roosevelt06Dear Quote Investigator: I read in the New York Times that one of the favorite adages of Hillary Clinton, former Senator and Secretary of State, is the following statement attributed to Eleanor Roosevelt:

Women are like tea bags. You never know how strong they are until they get into hot water.

When did Roosevelt use this expression? Was she the person who coined it?

Quote Investigator: Precursors to this expression were in circulation in the 19th century. Instead of tea bags the sayings were based on similes with eggs and potatoes in hot water. For example, in 1858 the Irish Miscellany newspaper of Boston, Massachusetts printed the following: 1

Relieve misfortune quickly. A man is like an egg, the longer he is kept in hot water the harder he is when taken out.

Also, in 1870 The Shamrock newspaper of Dublin, Ireland printed this adage: 2

Men are like potatoes—they do not know how soon they may be in hot water.

Both these expressions have meanings that are distinct from the adage being explored, but they do share similarities and may have facilitated the emergence of variants. QI thanks researcher Barry Popik for notifying him about these precursors.

The earliest evidence of a strong match located by QI was published in 1915 in a Seattle, Washington newspaper. This version referred simply to tea instead of tea bags and was applied to men: 3 4

“Men are like tea.”
“How so?”
“Their real strength is not drawn out until they get into hot water.”—Times-Picayune.

The maxim obtained further distribution in 1916 when it was printed in the book “Wit and Humor for Public Speakers”: 5

The Boston Transcript says men are like tea—their real strength isn’t drawn out until they get into hot water.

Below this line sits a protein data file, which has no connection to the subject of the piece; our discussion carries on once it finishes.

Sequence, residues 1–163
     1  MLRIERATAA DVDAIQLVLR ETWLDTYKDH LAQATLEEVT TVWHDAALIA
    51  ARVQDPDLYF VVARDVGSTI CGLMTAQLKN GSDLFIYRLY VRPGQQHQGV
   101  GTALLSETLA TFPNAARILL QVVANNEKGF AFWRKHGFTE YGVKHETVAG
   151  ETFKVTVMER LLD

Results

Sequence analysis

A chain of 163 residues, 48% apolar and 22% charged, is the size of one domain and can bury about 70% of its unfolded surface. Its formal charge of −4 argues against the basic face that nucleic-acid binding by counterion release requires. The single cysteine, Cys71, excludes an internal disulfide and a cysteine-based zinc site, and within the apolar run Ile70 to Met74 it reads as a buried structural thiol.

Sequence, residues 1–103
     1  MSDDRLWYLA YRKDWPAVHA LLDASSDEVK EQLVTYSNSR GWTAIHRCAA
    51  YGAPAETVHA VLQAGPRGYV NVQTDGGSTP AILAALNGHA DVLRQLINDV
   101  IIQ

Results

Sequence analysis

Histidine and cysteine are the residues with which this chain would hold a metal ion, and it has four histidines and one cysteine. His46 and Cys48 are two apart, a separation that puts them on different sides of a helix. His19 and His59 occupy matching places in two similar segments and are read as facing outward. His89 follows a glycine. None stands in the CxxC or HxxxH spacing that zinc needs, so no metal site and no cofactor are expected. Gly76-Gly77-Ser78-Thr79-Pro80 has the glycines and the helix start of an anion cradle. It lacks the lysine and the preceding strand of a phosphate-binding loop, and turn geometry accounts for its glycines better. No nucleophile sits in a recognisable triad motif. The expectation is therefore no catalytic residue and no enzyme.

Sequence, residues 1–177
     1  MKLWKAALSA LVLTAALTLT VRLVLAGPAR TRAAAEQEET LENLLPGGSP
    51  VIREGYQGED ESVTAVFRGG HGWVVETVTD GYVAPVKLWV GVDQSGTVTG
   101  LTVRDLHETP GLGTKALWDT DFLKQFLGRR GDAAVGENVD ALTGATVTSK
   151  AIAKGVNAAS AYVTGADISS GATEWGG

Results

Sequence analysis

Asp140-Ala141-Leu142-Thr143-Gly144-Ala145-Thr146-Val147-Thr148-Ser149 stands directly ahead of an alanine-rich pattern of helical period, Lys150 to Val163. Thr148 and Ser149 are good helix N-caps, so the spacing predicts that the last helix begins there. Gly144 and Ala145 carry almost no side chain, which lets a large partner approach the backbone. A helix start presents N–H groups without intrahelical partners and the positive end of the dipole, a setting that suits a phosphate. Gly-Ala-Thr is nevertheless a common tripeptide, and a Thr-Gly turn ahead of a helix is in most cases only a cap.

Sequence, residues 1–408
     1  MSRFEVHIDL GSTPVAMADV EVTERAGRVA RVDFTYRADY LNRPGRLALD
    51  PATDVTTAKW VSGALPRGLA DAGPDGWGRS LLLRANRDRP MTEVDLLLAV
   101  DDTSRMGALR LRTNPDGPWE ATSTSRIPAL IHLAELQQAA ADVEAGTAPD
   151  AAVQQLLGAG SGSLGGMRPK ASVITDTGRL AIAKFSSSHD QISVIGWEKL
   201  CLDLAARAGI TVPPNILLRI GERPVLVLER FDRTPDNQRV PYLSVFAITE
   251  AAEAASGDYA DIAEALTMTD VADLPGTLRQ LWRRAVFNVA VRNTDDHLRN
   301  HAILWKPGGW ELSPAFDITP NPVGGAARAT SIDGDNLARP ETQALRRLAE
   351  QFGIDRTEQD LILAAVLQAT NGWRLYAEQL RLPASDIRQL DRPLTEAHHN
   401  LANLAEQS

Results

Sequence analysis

In 1958 a version using the term “tea bags” was spoken during a training speech for sales people. The phrasing was closer to modern instances, but the maxim applied to men and women: 6

“People are like tea bags,” a specialist on salesmanship declared here Thursday: “They never know their own strength until they get into hot water.”
Too many salesmen never get into hot water, said Armand J. Gariepy, director of Sales Training International, Barre, Mass. They simply sell by accident, he declared.

Top researcher Ralph Keyes discussed this saying in “The Quote Verifier”, and he was unable to find support for the linkage to Eleanor Roosevelt. Keyes stated that the archivists at the Franklin D. Roosevelt Library in Hyde Park, New York have searched for the expression in the writings of Roosevelt and have not found it. 7

Here are additional selected citations in chronological order.

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Notes:

  1. 1858 February 20, Irish Miscellany, Volume 1, Number 2, The Odd Corner, Quote Page 26, Column 1, Boston. Massachusetts. (Google Books full view) link
  2. 1870 December 31, The Shamrock, Volume 8, Diamond Dust, Quote Page 207, Column 2, Irish National Newspaper and Publishing Company, Limited, Dublin, Ireland. (Google Books full view) link
  3. 1915 January 15, Seattle Daily Times, Where They Resemble, (Freestanding short item), Quote Page 13, Column 7, Seattle, Washington. (GenealogyBank)
  4. 1915 November 1, The Sabbath Recorder, Volume 79, Number 18, (Freestanding short item), Quote Page 550, Column 2, A Seventh Day Baptist Weekly Published by The American Sabbath Tract Society, Plainfield, New Jersey. (Google Books full view) link